Though I am normally the first to say, “embrace the place and stay an extra day,“ half of the second day of the itinerary for Cinque Terre is actually a half day trip.
This itinerary will give you tips on what to see in Cinque Terre in 1 or 2 days. You can, of course, adjust it to your own needs, but the info should help you get a better idea of what is actually doable and – to me – especially worth visiting and doing.
HOW TO GET TO CINQUE TERRE
Cinque Terre is easy to reach from cities like Milan, Florence, Turin, Pisa, and Genoa, all of which have international airports.
From there, you can take a train (Italian public transportation is surprisingly good) to La Spezia, a major port in Liguria, which is located just before the first village of Cinque Terre.
You cannot really drive in Cinque Terre (if you see accommodations offering free parking in Cinque Terre, you should know it is quite far from the villages) and need to take a train (or hike).
So, you take the train from La Spezia to Levanto.
Trains run regularly (2-3 an hour), and in less than 10 minutes, you will have reached the first village of Cinque Terre.
Coming from La Spezia, you will reach the most southern village first. You will arrive at them in this order:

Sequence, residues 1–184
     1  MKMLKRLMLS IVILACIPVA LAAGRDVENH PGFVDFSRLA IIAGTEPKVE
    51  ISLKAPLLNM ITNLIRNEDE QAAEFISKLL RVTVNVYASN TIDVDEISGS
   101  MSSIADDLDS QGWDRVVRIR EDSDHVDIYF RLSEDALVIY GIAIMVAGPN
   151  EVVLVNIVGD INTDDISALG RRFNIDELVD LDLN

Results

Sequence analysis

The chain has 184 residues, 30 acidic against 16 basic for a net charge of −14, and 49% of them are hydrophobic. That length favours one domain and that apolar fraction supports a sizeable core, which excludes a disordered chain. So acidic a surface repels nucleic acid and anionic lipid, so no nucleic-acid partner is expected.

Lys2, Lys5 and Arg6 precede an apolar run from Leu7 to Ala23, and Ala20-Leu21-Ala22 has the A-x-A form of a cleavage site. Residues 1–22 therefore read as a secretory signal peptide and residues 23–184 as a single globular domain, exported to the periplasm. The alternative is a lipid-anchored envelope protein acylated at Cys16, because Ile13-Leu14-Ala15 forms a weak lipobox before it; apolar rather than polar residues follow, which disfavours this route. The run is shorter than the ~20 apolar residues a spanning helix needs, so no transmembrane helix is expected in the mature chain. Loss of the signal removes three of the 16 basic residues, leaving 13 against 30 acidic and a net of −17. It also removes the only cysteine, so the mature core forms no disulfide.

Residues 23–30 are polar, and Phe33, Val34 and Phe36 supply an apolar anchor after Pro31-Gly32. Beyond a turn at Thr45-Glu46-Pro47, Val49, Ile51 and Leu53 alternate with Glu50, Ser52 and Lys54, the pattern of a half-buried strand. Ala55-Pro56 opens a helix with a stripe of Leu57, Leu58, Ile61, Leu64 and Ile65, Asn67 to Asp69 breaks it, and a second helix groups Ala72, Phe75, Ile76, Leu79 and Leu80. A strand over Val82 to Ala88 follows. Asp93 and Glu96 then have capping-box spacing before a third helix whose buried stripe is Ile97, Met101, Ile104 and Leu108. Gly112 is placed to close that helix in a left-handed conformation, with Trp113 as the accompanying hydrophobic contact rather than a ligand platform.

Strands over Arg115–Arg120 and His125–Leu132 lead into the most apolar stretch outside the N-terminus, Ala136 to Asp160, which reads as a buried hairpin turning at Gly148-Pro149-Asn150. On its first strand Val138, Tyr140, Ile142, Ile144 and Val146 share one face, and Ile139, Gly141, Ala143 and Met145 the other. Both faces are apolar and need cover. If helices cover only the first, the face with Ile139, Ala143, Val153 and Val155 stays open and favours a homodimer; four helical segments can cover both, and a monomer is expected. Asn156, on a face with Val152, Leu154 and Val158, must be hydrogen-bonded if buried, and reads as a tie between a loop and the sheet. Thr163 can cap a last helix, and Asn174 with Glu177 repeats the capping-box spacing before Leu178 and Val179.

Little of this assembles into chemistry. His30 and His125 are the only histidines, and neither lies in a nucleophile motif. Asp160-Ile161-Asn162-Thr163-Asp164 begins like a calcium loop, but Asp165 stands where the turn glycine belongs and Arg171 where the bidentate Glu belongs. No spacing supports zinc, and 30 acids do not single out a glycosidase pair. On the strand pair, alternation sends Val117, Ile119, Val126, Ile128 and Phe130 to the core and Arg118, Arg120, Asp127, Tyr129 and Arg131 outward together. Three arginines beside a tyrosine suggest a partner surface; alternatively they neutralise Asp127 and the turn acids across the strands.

Prices: A train ticket is about 4€ – regardless to which of the five villages you travel to. However, you cannot get in and out with one ticket. If you want to get out once, you will need a new ticket if you continue on your journey.
You can buy the Cinque Terre Card that includes unlimited train rides (and bus rides, which is an alternative to the train) and also some other perks (like using the toilet at the train stations for free and a hiking pass).
It is about 16€ for one day, 2 days is 29€.
The Cinque Terre Card for 7,50€ is only for hiking and some other services, like using the toilets at the stations for free.
There are discounts for families, kids, etc.
Where to buy train tickets: You need to buy your tickets at the station or online. However, I would buy them at the station. There is staff there to help you with questions. You can either pay by card or cash at the vending machine (different main languages are available, including English, Arabic, and German) or pay cash when buying tickets at the cashier.